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Chairman Kang Refuses to Resign while Internal Disputes Mar GNP

Chairman Kang Refuses to Resign while Internal Disputes Mar GNP

Posted May. 01, 2007 03:04,   


After the crushing defeat in the by-elections of April 25, the Grand National Party is mired in internal strife. GNP Chairman Kang Jae-seop Monday announced a reform package to renovate itself, establish a party-led nomination process, and open doors to outside figures.

But his actions haven’t quelled the situation. Jeon Jae-hee, the chairwoman of the GNP policy committee, stepped down from her post the same day, and lawmakers Hong Joon-pyo, Jeon Yeo-ok and reform-minded and junior lawmakers urged party leaders to resign.

In a press conference held at party’s headquarters in Yeomchang-dong, Gangseo-gu, Seoul, the GNP leader refused to give up his post, saying, “If I resign, disputes over the composition of the party’s new leadership will be heated. And at the worst, the party could break up. I`m not holding on to the position. When the presidential nomination process ends, I will decide my course of action on behalf of the party after consultations with our presidential candidate.”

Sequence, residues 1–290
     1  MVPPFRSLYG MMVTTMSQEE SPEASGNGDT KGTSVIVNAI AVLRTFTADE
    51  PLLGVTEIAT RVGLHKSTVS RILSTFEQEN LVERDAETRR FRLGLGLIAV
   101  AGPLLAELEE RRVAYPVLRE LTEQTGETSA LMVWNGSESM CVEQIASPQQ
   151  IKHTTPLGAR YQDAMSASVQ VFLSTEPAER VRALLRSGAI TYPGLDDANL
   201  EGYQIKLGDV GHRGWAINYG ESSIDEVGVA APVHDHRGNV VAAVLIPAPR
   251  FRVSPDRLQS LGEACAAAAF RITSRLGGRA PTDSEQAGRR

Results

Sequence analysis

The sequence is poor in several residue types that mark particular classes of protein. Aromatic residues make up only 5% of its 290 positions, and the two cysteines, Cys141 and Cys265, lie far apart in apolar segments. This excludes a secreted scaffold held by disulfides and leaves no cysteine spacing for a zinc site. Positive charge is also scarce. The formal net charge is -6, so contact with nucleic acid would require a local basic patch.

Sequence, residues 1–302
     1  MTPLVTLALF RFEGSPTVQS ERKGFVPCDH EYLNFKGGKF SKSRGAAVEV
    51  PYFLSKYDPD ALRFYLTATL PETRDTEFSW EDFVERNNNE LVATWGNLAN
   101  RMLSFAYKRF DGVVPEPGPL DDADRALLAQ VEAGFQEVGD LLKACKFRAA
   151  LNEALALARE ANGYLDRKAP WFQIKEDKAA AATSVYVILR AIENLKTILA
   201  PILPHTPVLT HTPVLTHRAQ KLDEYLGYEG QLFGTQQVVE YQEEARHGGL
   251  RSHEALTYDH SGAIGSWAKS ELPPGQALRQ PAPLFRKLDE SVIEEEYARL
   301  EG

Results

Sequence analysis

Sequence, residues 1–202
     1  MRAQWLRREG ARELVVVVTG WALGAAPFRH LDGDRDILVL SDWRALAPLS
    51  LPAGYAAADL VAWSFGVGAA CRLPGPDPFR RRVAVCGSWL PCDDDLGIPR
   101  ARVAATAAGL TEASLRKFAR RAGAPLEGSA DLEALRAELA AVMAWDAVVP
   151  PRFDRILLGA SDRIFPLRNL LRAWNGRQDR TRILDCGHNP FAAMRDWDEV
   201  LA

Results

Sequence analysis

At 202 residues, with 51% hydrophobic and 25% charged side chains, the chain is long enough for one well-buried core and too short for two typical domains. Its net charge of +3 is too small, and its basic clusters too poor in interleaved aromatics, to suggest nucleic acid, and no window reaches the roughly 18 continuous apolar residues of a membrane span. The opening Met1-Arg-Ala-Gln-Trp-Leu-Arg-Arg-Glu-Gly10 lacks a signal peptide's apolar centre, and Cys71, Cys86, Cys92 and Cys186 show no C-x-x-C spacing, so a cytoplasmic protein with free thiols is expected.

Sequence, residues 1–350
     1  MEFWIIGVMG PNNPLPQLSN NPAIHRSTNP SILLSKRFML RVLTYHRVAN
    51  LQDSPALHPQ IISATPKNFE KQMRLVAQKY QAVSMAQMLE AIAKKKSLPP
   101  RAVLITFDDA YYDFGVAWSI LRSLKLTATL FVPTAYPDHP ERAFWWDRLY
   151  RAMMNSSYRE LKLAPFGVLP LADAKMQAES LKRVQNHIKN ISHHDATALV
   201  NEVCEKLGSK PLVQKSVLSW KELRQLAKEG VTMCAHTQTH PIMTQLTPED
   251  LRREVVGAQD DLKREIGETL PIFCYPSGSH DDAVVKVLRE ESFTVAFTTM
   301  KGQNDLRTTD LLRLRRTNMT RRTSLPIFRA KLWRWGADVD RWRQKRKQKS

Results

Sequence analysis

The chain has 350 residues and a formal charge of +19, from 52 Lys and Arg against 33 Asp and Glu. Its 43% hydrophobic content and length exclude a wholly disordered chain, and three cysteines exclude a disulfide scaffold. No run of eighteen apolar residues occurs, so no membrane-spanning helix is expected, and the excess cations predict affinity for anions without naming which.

Former Seoul mayor Lee Myung-bak, one of the GNP’s two strong presidential hopefuls, didn’t comment on the plan, showing a “wait and see” attitude. In his camp, a majority thinks the chairman’s measures won’t meet expectations.

Former chairman Park Geun-hye, the other hopeful, supported the package, saying, “Chairman Kang made a responsible decision. He should exercise strong leadership to gain more support from the public.”

Rep. Lee Jae-oh, a supreme council member, still has not decided his course of action while he said he would after the reform plan came out. Rep. Lee is a close aide of former mayor Lee. Therefore, if he left the council, the current collective leadership will end and a new leadership regime will start.